19. @legenddc I really don't like hybrid vehicles, i think they are silly complicated things that don't offer any benefit over a regular gas engine. He has an Instagram post of a box full of tapes he shot on his camcorder. His stuff seems tame compared to a friend of mine that goes over the top with everything. He keeps all unedited footage he has ever shot by tossing the data on WD red drives writing on the front what they are for and keeping them in an offsite safe. I think he's close to filling a large gun safe with drives.
  20. @Chestnut Just finished that article. Hybrid woodworking and hybrid file organization? I think you might be addicted to hybrid things...
  21. Marc prolly owns a ton of LaCie stuff for his backups
  22. Ouch, Yeah I'd love to move away form spinning rust altogether drive failure on solid state is a lot less frequent. I have a 1TB SSD on my main rig but #$(& that thing was $500 when i bought it. So it'll be a while till prices come down but the world will be a better place once they do.
  23. She lost hours of footage from multiple cameras and a drone for a big part of the build. I think it was the framing or rafter part. Had it all on one external, which broke, and then spent quite a bit of time trying to recover it, have it recovered and recover some files from the SD cards. All that and what was recovered caused issues with editing. Looking back, I'm sure she's kicking herself for not having better backups. I can't imagine what Marc does with 10+ years of footage and some of it in 4k.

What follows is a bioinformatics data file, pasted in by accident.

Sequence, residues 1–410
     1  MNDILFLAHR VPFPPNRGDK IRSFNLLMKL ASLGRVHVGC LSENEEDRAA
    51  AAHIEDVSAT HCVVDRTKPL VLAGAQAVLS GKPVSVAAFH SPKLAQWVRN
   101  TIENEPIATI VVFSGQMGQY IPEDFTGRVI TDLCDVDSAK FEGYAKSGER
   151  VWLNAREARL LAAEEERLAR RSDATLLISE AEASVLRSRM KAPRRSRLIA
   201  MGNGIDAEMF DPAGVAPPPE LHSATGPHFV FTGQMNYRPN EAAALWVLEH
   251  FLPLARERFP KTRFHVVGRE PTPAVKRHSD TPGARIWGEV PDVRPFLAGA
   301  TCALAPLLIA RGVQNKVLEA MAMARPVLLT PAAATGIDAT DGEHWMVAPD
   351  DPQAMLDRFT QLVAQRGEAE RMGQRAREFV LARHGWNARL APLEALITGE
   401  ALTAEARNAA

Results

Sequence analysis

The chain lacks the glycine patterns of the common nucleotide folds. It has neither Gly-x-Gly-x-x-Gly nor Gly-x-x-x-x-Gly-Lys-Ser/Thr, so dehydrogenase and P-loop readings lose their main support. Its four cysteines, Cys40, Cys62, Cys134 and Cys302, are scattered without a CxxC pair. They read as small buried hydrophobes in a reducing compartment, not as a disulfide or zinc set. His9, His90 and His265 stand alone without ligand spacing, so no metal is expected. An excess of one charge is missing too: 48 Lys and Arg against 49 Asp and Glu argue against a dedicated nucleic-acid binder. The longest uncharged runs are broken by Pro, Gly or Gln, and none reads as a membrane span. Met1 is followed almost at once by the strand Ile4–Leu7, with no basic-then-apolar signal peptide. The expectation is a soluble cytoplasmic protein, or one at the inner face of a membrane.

24. Yeah, pretty much that. It will optimize backups when your backup media is running out of space, or even consolidate old backups, according to user configurations. It has a pretty sleek user interface, you can navigate back in time using a time machine paradigm.
  25. Ahh so like a windows restore that actually works. Yeah i'd still do the file migration the manual way, saves drive space by not backing up unnecessary files.
  26. Time Machine backups everything (unless you exclude files or folders) and keeps all the versions of your files. You can boot your Mac from a Time Machine backup in the event of total failure. And it's completely automated, you don't need to remember to drag and drop anything. It's part of Mac OS and it's been out there for a long time.